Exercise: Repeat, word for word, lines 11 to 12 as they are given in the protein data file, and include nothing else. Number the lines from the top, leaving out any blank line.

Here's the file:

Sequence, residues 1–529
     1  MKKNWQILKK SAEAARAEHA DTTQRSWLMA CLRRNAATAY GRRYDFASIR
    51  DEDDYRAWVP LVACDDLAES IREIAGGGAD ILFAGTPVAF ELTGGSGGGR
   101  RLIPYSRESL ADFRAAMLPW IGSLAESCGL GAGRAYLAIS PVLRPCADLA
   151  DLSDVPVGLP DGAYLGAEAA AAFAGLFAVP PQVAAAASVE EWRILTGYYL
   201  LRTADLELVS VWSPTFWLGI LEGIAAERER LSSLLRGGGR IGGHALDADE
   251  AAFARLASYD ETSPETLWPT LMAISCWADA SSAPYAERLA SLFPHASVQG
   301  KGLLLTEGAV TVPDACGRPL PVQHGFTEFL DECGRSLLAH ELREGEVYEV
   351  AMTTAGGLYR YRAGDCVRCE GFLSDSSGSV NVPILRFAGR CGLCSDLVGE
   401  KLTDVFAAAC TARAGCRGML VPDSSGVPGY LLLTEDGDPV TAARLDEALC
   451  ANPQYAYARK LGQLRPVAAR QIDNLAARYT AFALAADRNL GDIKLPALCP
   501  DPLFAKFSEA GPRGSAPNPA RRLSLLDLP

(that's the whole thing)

   451  ANPQYAYARK LGQLRPVAAR QIDNLAARYT AFALAADRNL GDIKLPALCP
   501  DPLFAKFSEA GPRGSAPNPA RRLSLLDLP